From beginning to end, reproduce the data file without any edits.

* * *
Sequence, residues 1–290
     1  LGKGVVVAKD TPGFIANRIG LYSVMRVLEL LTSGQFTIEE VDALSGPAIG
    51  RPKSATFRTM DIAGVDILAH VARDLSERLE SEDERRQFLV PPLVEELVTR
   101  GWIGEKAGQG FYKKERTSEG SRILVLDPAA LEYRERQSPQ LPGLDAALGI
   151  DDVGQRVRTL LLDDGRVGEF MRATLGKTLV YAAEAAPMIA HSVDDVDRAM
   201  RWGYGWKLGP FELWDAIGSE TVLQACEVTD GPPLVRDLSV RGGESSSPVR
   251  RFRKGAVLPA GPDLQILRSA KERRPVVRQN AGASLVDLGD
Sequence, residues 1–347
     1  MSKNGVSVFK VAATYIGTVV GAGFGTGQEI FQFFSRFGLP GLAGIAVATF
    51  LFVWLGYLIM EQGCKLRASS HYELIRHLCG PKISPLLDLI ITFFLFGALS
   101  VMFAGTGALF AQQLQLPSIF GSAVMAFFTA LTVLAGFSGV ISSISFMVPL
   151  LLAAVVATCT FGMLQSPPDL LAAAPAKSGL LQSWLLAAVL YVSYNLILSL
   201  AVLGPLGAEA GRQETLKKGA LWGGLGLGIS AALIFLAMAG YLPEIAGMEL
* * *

Sequence, residues 1–290
     1  LGKGVVVAKD TPGFIANRIG LYSVMRVLEL LTSGQFTIEE VDALSGPAIG
    51  RPKSATFRTM DIAGVDILAH VARDLSERLE SEDERRQFLV PPLVEELVTR
   101  GWIGEKAGQG FYKKERTSEG SRILVLDPAA LEYRERQSPQ LPGLDAALGI
   151  DDVGQRVRTL LLDDGRVGEF MRATLGKTLV YAAEAAPMIA HSVDDVDRAM
   201  RWGYGWKLGP FELWDAIGSE TVLQACEVTD GPPLVRDLSV RGGESSSPVR
   251  RFRKGAVLPA GPDLQILRSA KERRPVVRQN AGASLVDLGD
Sequence, residues 1–347
     1  MSKNGVSVFK VAATYIGTVV GAGFGTGQEI FQFFSRFGLP GLAGIAVATF
    51  LFVWLGYLIM EQGCKLRASS HYELIRHLCG PKISPLLDLI ITFFLFGALS
   101  VMFAGTGALF AQQLQLPSIF GSAVMAFFTA LTVLAGFSGV ISSISFMVPL
   151  LLAAVVATCT FGMLQSPPDL LAAAPAKSGL LQSWLLAAVL YVSYNLILSL
   201  AVLGPLGAEA GRQETLKKGA LWGGLGLGIS AALIFLAMAG YLPEIAGMEL